By Calvin Warpula
In 1809 when Thomas Campbell wrote the Declaration and Address of the Christian Association of Washington [Pennsylvania], he had no plan to start a separate church. He strongly opposed sectarianism and all human creeds and promoted unity among all believers in Christ on the basis of the Scriptures only. His son, Alexander, who arrived from Ireland later that year, agreed with and supported his father’s views.
On Saturday, May 4, 1811, at its semiannual meeting, the Christian Association decided to transform itself into a local church because its calls for unity based on Scripture had been rejected by the denominations. Thomas Campbell was elected elder, four deacons were chosen, and Alexander Campbell was licensed to preach. The men called the new church The First Christian Church of the Christian Association of Washington and agreed to observe weekly Communion, which they believed was a New Testament practice. The Campbells had observed Communion taken weekly by the Haldane churches in Scotland. The next day, Sunday, the church met for worship in a log cabin at Crossroads and Brush Run in Washington County, Pennsylvania.
The Brush Run Church Building
The congregation decided to build its own meetinghouse in a brush run on William Gilchrist’s farm, about two miles from where that stream joined Buffalo Creek. This was two miles southwest of West Middletown, Pennsylvania, and 12 miles east of what was later the Campbell homestead in Bethany, Virginia (now West Virginia). Gilchrist, one of the four deacons, transferred 2 acres to the church for a $1 bill of sale. John Boyd, who ran a sawmill nearby, was hired to construct a simple 18-by-36-foot frame building with clapboarding. It had rough seats and no means of heat. The building was a post and beam structure assembled with wooden pins, which meant it could be taken down and moved.
On June 16, 1811, the church of about 30 members held its first service in the still unfinished Brush Run building. Alexander Campbell preached from Job 8:7, “Though thy beginning was small, yet thy latter end should greatly increase” (King James Version). Prophetic words those!
The Question of Baptism
On July 4, 1811, three people who had never been baptized requested that Thomas Campbell immerse them. Although the elder Campbell had not been immersed, he agreed with the request and baptized them in the deep water of Buffalo Creek near Bethany. Campbell did not advocate the immersion of pedobaptists because he believed it would discredit their infant baptism and “de-Christianize” them.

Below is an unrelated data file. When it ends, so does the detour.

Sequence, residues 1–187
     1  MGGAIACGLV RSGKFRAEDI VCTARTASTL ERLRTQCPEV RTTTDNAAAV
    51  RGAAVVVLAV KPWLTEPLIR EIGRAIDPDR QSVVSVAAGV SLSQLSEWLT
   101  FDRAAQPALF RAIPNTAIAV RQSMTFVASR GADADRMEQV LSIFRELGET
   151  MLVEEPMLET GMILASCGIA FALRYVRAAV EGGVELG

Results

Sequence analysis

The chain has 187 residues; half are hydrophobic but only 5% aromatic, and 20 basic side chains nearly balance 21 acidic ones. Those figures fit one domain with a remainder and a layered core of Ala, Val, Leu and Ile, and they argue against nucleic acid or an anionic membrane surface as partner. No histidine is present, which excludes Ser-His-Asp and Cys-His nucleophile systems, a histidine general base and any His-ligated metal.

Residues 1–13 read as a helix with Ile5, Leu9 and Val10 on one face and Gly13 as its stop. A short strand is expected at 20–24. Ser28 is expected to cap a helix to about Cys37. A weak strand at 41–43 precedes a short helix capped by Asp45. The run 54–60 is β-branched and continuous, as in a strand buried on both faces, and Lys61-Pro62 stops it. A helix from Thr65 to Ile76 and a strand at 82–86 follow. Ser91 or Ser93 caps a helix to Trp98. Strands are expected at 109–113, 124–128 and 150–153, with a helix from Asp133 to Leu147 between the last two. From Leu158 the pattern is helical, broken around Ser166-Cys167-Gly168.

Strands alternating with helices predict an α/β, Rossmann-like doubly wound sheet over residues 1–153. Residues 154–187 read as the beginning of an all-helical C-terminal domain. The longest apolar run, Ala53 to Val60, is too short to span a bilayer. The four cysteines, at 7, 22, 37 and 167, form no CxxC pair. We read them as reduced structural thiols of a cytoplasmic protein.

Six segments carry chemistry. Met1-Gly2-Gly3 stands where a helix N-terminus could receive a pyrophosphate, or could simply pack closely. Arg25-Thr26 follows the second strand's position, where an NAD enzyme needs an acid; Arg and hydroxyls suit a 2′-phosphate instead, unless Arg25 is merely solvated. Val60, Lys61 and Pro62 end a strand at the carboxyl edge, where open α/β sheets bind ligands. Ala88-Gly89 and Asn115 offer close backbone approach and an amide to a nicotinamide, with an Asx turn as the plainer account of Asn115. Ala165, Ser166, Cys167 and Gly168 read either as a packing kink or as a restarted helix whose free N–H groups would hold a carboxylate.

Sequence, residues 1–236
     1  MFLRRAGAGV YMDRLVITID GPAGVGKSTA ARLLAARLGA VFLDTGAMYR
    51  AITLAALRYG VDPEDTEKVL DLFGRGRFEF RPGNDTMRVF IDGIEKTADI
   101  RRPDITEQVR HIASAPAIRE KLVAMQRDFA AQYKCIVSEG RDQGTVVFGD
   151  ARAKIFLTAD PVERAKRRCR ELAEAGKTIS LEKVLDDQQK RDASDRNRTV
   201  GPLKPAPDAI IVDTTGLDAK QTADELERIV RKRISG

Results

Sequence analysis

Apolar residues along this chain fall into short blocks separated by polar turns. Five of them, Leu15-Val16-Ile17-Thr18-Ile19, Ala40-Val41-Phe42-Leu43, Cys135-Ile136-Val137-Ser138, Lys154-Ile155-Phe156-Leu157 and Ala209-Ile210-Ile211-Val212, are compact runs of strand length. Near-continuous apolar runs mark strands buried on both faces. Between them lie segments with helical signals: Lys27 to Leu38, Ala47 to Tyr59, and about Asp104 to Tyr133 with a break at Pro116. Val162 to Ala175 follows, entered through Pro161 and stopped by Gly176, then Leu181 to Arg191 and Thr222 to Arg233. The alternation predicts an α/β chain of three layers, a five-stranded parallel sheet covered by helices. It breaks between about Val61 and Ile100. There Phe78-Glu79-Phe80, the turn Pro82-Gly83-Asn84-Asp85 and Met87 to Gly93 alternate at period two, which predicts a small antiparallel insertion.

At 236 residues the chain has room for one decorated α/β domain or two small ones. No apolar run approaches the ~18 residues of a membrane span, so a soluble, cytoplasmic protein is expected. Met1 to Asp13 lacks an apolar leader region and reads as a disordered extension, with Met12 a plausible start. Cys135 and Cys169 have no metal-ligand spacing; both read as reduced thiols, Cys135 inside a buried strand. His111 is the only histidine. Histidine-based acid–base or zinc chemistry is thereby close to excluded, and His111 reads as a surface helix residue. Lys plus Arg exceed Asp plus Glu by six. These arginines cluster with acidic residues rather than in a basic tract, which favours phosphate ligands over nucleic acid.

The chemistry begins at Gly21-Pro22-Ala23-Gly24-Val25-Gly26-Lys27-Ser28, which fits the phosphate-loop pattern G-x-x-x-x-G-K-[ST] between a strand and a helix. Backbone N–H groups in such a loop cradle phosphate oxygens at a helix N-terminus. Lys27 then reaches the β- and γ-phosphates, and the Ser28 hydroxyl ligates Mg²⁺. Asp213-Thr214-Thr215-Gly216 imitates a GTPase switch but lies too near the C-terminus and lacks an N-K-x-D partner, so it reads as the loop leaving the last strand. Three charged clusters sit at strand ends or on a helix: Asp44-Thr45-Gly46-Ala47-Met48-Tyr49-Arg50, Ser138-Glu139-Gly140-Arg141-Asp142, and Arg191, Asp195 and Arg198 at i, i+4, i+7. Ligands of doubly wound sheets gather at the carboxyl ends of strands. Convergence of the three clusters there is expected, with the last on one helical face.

On March 13, 1812, when Alexander Campbell and his wife, Margaret, welcomed their first child, Jane, they faced the question of whether to baptize her. He devoted two months of serious study to the question and concluded New Testament baptism was an immersion of believers.
Alexander Campbell contacted his friend, Matthias Luce, a Baptist preacher of Amity, Pennsylvania, and requested that he immerse him on a simple confession of faith in Jesus without mention of the Philadelphia Confession of Faith or any confession of religious experience that the Baptists usually required. Luce agreed to the unusual request and the date was set for Wednesday, June 11, 1812, in Buffalo Creek, the same site Thomas Campbell had immersed three people the previous year.
By that time, Thomas Campbell and his wife, Jane, also desired immersion. At the baptismal site, both Campbell men preached for a total of seven hours on the meaning of baptism. Luce then immersed Thomas and Jane Campbell, Alexander and Margaret Campbell, Dorothea Campbell, and James and Sarah Hanen on the basis of faith in Jesus.
At the next meeting of the Brush Run church on Sunday, June 16, 13 more members requested immersion. Before long, nearly all the Brush Run worshippers were immersed, although a few individuals deserted the church because of this new emphasis on immersion.
Affiliating with the Baptists
In the fall of 1815, the Redstone Baptist Association, at the urging of Matthias Luce and others, invited the Brush Run church to join them. After much discussion, Brush Run accepted the invitation, although the only practice in common with the Baptists was immersion. The Campbells prepared an 8- to 10-page letter stating their views and “that we should be allowed to teach and preach whatever we learned from the Holy Scriptures, regardless of any creed or formula in Christendom.” After some discussion and objections, the Redstone Association agreed by “a considerable majority” to accept them into membership.
In 1815, Alexander Campbell raised $1,000 to build the Regular Baptist Church, the first church building of any denomination in Wellsburg (formerly Charlestown), Virginia (now West Virginia). In 1823, this congregation became the second church of the reform movement when Alexander Campbell and 30 others from the Brush Run church transferred their membership here. Under Campbell’s leadership, the congregation began to commune weekly and by 1830 had dropped the Baptist name. This congregation is still meeting today and is known as Wellsburg Christian Church.